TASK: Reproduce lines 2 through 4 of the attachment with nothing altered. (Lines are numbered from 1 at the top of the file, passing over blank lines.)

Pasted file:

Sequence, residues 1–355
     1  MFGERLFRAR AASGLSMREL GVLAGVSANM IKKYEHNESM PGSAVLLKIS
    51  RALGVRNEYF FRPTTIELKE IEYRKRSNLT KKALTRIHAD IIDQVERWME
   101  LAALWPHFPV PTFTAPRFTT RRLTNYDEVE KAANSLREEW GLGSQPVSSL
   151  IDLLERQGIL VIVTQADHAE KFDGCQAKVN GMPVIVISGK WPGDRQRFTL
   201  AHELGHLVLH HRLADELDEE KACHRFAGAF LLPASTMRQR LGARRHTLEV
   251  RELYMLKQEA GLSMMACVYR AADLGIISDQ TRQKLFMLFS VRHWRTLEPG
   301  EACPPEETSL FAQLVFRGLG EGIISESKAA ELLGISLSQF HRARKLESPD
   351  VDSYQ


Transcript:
     1  MFGERLFRAR AASGLSMREL GVLAGVSANM IKKYEHNESM PGSAVLLKIS
    51  RALGVRNEYF FRPTTIELKE IEYRKRSNLT KKALTRIHAD IIDQVERWME
   101  LAALWPHFPV PTFTAPRFTT RRLTNYDEVE KAANSLREEW GLGSQPVSSL